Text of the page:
INTRODUCTIONLyme disease is the most common tick-borne disease, with approximately 300,000 cases diagnosed annually in the United States  and approximately 85,000 estimated cases diagnosed annually in Europe . Lyme disease is also present in China, but exact estimates are not available. Meanwhile, Lyme disease is rare in Korea and Japan . Lyme disease is known for different acute and chronic clinical manifestations in humans and it is capable of causing clinical symptoms in dogs, horses and sometimes cattle [1,3]. Common symptoms of acute illness include fever, headache, fatigue, and erythema migrans . Effective health communication can be used to empower individuals to prevent potential acquisition of Lyme disease by avoiding tick-infested areas, wearing protective clothing or repellent, and subsequent timely checking for and correct removal of ticks .Social media disseminates information efficiently, making it crucial for health communication. With over 1 billion users, YouTubeTM is the second most visited website . Many health-related videos are uploaded, searched, and viewed daily , but no study to date analyzes Lyme disease-related YouTubeTM videos. Given the large audience of YouTubeTM users and the concern of accuracy regarding disease-related information released on these videos, it is important to know if the videos made by public health professionals reach a wide audience or not.In this study, we investigated if the contents of Lyme disease-related YouTubeTM videos varied by their sources.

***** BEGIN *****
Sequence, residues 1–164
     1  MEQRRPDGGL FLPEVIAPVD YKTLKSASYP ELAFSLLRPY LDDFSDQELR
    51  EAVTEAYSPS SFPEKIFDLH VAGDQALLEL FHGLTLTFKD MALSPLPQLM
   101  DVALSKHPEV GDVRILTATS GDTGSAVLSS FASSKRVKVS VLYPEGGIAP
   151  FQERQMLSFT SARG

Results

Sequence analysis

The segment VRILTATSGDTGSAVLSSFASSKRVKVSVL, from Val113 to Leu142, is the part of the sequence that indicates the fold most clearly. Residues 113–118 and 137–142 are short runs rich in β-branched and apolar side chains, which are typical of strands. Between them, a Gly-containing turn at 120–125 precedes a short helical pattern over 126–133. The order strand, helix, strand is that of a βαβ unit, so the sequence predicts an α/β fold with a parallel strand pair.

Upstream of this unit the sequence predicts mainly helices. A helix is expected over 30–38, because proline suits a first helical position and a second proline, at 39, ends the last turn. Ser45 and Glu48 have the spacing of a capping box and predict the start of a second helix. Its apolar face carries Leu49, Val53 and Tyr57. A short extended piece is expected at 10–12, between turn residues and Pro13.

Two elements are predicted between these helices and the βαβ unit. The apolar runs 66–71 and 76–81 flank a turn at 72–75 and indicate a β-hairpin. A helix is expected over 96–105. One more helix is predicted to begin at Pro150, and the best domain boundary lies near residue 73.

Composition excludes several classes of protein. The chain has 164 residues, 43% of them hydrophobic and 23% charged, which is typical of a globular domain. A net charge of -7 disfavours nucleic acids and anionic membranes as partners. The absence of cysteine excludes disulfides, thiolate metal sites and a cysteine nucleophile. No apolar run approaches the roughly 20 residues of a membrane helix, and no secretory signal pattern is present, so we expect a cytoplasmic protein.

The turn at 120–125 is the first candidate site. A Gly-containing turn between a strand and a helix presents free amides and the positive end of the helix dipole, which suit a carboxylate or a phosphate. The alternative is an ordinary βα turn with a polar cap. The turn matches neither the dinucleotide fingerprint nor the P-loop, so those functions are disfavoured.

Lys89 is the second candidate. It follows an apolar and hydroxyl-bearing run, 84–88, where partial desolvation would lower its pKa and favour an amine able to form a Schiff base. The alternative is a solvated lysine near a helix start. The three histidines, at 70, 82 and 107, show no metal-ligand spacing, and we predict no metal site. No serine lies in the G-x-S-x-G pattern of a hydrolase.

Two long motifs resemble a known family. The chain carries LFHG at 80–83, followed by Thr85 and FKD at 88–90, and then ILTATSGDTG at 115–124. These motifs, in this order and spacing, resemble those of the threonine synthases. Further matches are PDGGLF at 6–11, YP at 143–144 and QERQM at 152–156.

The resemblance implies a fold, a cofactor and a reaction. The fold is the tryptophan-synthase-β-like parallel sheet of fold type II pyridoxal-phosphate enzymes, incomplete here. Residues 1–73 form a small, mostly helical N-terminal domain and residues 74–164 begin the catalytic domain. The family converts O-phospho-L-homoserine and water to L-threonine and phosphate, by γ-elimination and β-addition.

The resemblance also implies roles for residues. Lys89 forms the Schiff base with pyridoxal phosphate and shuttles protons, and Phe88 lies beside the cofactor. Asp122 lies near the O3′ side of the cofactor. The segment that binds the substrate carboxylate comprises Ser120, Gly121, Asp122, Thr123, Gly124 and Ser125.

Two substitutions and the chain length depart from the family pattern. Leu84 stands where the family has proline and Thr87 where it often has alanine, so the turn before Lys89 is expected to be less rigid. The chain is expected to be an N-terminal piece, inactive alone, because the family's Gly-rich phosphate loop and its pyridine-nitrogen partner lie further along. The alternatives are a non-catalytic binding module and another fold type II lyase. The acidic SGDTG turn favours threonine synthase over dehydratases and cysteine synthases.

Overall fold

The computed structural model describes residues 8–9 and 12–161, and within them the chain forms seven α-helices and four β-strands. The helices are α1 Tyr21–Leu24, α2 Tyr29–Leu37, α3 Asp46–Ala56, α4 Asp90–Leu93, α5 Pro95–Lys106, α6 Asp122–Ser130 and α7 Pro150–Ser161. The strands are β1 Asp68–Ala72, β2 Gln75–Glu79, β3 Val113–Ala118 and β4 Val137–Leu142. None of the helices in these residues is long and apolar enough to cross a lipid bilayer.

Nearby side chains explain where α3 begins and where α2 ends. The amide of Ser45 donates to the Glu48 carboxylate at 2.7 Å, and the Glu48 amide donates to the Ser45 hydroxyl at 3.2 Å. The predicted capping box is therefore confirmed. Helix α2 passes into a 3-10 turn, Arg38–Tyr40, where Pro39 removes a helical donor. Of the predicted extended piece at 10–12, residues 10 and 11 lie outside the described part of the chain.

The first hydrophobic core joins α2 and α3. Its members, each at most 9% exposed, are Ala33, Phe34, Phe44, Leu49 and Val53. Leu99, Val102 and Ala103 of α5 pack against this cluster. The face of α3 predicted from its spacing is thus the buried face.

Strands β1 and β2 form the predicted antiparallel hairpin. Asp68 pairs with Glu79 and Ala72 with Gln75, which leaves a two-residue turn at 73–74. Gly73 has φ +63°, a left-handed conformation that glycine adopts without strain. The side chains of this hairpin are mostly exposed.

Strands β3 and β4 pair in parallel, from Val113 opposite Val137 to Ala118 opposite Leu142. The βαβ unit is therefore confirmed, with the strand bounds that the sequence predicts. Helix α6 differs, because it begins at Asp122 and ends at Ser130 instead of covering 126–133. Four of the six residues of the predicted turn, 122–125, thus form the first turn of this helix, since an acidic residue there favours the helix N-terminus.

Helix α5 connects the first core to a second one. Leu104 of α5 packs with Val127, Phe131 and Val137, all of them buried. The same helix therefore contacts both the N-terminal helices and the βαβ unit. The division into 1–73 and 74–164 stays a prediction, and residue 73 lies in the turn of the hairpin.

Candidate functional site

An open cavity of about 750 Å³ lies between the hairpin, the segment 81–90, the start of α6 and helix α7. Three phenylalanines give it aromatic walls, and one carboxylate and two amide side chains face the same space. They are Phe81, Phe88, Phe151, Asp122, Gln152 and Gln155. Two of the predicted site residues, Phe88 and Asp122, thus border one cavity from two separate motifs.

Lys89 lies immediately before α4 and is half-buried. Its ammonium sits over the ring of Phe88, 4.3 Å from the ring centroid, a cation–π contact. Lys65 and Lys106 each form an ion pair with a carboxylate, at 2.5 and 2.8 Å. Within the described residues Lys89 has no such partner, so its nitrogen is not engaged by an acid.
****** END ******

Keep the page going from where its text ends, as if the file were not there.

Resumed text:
MATERIALS AND METHODSThe approval for this study of Institutional Review Board at William Paterson University was waived since this study did not involve human subjects.For this study, we adapted a research protocol that was previously established for the study of Zika virus-related YouTubeTM videos  to allow for the study of Lyme disease-related videos. YouTube.com was searched with the keyword “Lyme Disease” on September 2, 2016. Videos were sorted by their number of views in descending order. After excluding two videos, one in French and one in Spanish, the 100 most viewed English language Lyme disease-related videos were manually coded for content and sources. Video sources were categorized as (1) consumer-generated (uploaded by non-healthcare-professionals who were members of the general public), (2) professional (uploaded by healthcare professionals), (3) news broadcasted by television networks, and (4) other internet-based news (news clips that were part of an internet-based program rather than one that was aired on network television). The video title, date of upload, URL, length, number of views, and number of thumbs-up and thumbs-down were recorded and analyzed. A random sample of 10 videos out of the sample (n = 100) were double coded; our manual coding was found reliable with 100% agreement.Statistical analysis was performed in R 3.3.1 through R Studio . Non-parametric methods were used to analyze the video length, number of views, thumbs-up, and thumbs-down. The Kruskal–Wallis H-test was used across categories, and the Nemenyi test was used for pairwise comparisons. Spearman’s rho was used to assess bivariate correlation. Manually coded contents that were binary were analyzed using univariate logistic regression with the video source as the predictor variable.